Instead of one of the receivers, it is Penn football coach Al Bagnoli who is going deep.
With incumbent quarterback Keiffer Garton still sidelined by a knee injury and primary halfback Lyle Marsh done for the year after fracturing a bone in his arm, Bagnoli is looking for roster depth to be his team’s biggest asset.
“We still have scars from last year [at quarterback],” Bagnoli said, alluding to lingering injuries from the 2009 season. “But like every other position, you’re trying to develop depth. It’s no different than trying to get two or three running backs in the game.”
Bagnoli is trying to keep a substantial number of players at each position who have, in his words, “been under fire.”
That’s why sophomores Jeff Jack and Brandon Colavita — both still in their freshman years of eligibility — saw significant playing time against both Lafayette and Villanova.
Add to that the return of senior Mike DiMaggio, and the Quakers aren’t expecting to lose a step with the loss of Marsh.
“[DiMaggio] has got really fresh legs,” Bagnoli said. “He’s finally free of the hamstring. And so he’s ready to take up that slack.”
Even more encouraging for Bagnoli is the imminent return of Garton, who the 18-year head man says is “getting very close.”
The Big Man’s Back. One player the Quakers are excited about having back from injury is senior center Joe D’Orazio.
A two-time preseason All-American, D’Orazio missed the Lafayette game and part of the Villanova contest, but is now “good to go” according to Bagnoli.
With the loss of Marsh and the rise of two younger quarterbacks, having D’Orazio back as the anchor of the Red and Blue offense would bring needed stability.
“I think [D’Orazio] gives a confidence level to everybody,” Bagnoli said. “It allows us a little bit more flexibility. We just have all kinds of versatility once we get Joe back.”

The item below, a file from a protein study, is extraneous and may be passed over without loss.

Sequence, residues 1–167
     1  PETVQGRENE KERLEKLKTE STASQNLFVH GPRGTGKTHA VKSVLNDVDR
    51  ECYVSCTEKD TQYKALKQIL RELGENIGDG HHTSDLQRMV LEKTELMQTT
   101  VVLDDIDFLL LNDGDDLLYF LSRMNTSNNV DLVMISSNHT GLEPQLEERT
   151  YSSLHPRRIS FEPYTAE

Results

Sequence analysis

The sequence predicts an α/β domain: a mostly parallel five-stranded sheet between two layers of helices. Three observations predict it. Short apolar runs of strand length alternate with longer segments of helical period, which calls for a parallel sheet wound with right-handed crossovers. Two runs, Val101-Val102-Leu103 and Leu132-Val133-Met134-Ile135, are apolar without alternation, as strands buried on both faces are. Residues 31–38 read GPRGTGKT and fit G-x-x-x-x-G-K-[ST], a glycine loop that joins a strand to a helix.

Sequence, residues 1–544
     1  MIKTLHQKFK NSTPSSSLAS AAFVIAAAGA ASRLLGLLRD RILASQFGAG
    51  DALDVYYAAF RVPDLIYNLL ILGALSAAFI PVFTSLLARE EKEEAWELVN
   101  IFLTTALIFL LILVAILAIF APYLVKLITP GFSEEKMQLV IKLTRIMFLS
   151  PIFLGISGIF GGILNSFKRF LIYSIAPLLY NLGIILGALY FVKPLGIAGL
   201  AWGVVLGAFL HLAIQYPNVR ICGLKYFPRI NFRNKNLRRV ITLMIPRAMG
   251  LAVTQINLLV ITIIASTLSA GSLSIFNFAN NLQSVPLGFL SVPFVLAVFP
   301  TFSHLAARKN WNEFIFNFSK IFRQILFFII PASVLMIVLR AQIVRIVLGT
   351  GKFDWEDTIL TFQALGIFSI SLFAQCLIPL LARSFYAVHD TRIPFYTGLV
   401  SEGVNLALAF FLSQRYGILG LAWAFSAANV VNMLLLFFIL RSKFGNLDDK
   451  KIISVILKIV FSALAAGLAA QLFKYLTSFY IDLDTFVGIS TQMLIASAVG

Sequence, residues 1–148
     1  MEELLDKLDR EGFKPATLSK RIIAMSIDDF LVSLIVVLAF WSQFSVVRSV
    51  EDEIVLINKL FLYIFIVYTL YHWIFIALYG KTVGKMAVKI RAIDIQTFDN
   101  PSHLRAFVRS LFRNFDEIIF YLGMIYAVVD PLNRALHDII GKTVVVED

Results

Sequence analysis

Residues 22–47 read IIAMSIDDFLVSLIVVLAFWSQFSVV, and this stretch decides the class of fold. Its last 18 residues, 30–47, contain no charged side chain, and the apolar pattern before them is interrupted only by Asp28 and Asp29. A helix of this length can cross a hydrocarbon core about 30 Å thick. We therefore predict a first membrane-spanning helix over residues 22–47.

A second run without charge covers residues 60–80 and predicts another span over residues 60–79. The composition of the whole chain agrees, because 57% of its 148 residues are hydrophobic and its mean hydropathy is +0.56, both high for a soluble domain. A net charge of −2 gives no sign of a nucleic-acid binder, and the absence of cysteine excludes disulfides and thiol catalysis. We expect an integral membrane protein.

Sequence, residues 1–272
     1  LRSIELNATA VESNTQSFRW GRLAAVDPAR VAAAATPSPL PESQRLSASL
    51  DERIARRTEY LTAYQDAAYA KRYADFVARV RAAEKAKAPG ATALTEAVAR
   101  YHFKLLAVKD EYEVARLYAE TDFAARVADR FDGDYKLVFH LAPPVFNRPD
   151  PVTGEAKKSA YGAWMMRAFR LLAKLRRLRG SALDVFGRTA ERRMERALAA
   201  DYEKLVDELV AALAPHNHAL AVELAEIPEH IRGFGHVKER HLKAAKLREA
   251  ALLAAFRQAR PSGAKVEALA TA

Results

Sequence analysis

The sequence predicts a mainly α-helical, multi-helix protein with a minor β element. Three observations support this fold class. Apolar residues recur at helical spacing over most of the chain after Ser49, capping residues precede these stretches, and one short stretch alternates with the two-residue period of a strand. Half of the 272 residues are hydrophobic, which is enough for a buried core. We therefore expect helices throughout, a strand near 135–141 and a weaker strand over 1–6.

Hot Hand Billy … or Ryan. In the two-quarterback system that Bagnoli is employing in Garton’s absence, sophomore Billy Ragone and freshman Ryan Becker have been getting a lot of playing time.
Just who gets more in-game reps, however, has to do with who is having a better night.
“Early on in the game, we’re rotating in,” Ragone said. “And then whoever has the hot hand kinda seems to stay in.”
Both hands have been pretty hot so far — each quarterback has a rating over 100 and has completed at least 57 percent of his passes.
But Ragone brings an extra dimension to the position, having racked up 65 rushing yards on 15 attempts in the first two games.
Still, Bagnoli emphasizes that he wants to get both players sufficient reps in order to ensure that they will be ready to step in if needed even after Garton returns.
But according to Ragone, Garton shouldn’t need too much relief once he gets back in the swing of things.
“He’s anxious to get on the field,” Ragone said. “And he’s going to have a good motor, a good drive to get us going.”
The Red and Blue are hoping that Garton’s drive to return will translate to even more successful drives down the field.Comments powered by Disqus
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